Michaela Woodward – Staff Writer
For Visiting Assistant Professor in History Misti Harper, her area of study has not only shaped her career, but every aspect of her life.
Originally from Arkansas, Harper was always fascinated by the history of the region she was from.
“I went to undergrad at a school that was really similar to Gustavus. It’s a place called University of the Ozarks and it’s a little private liberal arts college. Then I did my Master’s work at the University of Central Arkansas and I earned my PhD in African American History at the University of Arkansas in 2017,” Harper said.
Harper received her Bachelor’s degree in theater, but discovered an important intersectionality between theater and history that has allowed her to go deeper into already well documented historical events.
“It requires empathy and compassion, and it really requires getting out of your comfort zone and thinking about somebody else’s lived experience,” Harper said.
This attention to exploring other perspectives on a personal level helped her with her Master’s project, a study focusing on the Little Rock Nine.
“There’s been so much stinkin’ work done on the Little Rock Nine, it’s not original at all. So, I really had to think about how can I look at this differently than what so many other people had done before me… Nobody had really bothered to get into the experiences of these people beyond their symbolism, really,” Harper said.
Harper decided to go deeper into the lives of the Little Rock Nine and center their experiences.
“You can’t tell a story if you’re reducing half of your actors to that kind of shallow treatment. I was really interested in thinking about their experiences, doing work that would center them, and specifically centering Black women and girls because–as is the case with so many major social movements–it’s women and girls who are often the backbone of the work,” Harper said.
“You get a lot of male leaders who were essentially the faces to put on money, the people that other folks will listen to by virtue of the patriarchy. But you have all of these women behind who are doing the grunt work, the organizing, the reaching out, and I realized that that was missing from the historiography. So that was how I became interested specifically in African American history and in women’s history. It was still a southern story, but it broadened my horizons to really understanding some of how the Civil Rights Movement had worked across the country,” Harper said.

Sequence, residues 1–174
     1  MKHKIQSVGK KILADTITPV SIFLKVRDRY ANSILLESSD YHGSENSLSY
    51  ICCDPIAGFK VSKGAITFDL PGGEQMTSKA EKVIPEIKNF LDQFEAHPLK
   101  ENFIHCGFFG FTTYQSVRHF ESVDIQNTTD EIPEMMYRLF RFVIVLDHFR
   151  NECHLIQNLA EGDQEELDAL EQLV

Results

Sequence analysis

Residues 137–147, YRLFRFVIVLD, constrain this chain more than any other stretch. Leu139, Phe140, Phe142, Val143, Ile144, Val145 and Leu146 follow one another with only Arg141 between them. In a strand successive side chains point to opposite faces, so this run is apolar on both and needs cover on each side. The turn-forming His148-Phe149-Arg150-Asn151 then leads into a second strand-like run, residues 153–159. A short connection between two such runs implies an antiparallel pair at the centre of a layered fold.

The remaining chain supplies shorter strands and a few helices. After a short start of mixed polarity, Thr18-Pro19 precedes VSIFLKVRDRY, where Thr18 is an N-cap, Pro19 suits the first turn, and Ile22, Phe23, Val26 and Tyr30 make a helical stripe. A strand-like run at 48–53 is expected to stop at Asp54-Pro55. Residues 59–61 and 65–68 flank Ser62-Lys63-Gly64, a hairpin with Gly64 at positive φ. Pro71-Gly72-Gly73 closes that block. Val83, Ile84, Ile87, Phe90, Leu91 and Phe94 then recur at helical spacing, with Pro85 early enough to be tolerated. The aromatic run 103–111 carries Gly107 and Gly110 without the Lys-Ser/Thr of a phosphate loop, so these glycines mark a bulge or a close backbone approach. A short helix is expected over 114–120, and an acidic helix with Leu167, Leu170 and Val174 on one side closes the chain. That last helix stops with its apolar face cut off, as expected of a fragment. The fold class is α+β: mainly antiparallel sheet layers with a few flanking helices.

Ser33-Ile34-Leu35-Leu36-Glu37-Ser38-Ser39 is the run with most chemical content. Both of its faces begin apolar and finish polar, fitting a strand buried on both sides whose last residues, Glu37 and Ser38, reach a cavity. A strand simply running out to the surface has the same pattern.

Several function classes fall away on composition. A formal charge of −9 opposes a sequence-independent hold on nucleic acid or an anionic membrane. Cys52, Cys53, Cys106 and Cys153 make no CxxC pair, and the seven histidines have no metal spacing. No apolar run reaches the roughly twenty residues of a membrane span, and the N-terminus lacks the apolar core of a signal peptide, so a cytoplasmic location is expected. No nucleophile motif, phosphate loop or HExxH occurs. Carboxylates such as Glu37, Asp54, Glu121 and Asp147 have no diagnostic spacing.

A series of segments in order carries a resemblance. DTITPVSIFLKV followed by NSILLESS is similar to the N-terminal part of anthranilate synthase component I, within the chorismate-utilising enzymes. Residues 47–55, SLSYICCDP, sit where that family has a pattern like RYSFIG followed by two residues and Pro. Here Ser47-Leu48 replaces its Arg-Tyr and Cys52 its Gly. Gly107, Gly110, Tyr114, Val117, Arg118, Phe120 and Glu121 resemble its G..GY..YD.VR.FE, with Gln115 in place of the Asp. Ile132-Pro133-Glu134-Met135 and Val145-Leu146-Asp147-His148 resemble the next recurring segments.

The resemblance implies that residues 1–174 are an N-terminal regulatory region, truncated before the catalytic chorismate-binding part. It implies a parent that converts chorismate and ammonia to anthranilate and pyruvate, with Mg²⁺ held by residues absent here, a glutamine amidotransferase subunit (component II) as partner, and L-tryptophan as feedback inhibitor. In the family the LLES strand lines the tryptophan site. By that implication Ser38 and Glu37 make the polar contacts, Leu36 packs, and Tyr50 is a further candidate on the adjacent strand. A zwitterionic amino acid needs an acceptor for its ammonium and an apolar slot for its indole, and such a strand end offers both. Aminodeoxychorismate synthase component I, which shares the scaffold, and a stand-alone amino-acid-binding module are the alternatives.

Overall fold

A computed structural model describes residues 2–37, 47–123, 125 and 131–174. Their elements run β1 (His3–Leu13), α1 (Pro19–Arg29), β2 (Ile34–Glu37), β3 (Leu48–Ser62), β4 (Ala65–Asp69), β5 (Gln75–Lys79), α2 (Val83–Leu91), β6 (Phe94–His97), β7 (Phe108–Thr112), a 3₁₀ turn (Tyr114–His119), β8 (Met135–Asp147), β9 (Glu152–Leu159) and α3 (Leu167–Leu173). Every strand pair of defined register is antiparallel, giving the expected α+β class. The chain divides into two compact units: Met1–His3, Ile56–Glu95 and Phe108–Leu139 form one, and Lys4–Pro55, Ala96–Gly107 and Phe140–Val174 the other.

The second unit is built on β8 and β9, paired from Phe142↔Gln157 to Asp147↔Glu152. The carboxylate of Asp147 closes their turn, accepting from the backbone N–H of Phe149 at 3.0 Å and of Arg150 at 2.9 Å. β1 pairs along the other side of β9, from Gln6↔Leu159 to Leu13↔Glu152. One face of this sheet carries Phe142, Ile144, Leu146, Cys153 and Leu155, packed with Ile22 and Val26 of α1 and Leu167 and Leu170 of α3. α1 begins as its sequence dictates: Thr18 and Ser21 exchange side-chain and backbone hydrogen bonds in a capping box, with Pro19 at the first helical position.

This area of study has caused Harper to closely examine her own identities and the environment that shaped them.
“I’m obviously a white woman, and white people have been typically really surprised to realize what I do. I certainly had to unlearn a lot of racism that I was raised with, simply by the fact of being a white southerner in the deep South, raised by people who were white southerners who came of age in the Civil Rights Movement, people like my grandparents who were raised in the thick of Jim Crow…Whenever I was growing up, it was very much a white man’s story, and usually a rich white man. There were a whole lot of assumptions that I carried in myself that I had to unlearn and it was uncomfortable and I found myself in spaces that I had never been in before,” Harper said.
Harper expanded on how she grew into her career.
“It also awakened me to concepts of privilege: race privilege, sex privilege, orientation privilege, things that I had just never had to think about before because of systemic things. At the risk of sounding sappy or overly sentimental, it’s really hard for me to talk about this from a completely professional, academic point of view, when it so very much challenged and changed everything about who I was,” Harper said.
At Gustavus, Harper demonstrates her passion, knowledge, and personal experience in these issues for her students.
“I specialize in African American history. I was hired here as the Twentieth Century U.S. Historian, primarily of women’s history, but also of race and ethnic history. I am a modern U.S. historian, so that means the second half, but I specialize in post-1865, especially with an emphasis on the Civil Rights Movement,” Harper said.
She is also the advisor to IGNITE at Gustavus and Students for Reproductive Freedom (SRF). Junior Emily Falk has worked with Harper in her capacity as President of SRF.
“Harper is the best professor and mentor I’ve ever worked with in my entire life. She’s a dedicated educator and shows her students how to be involved in more than just activities on the Hill, [but] especially in local activist spaces. Her passion for reproductive justice made her the perfect advisor for SRF and she has been an inspiration for our entire [executive] board to keep fighting and creating space for our work on campus,” Falk said.
This dedication is clear to her colleagues as well.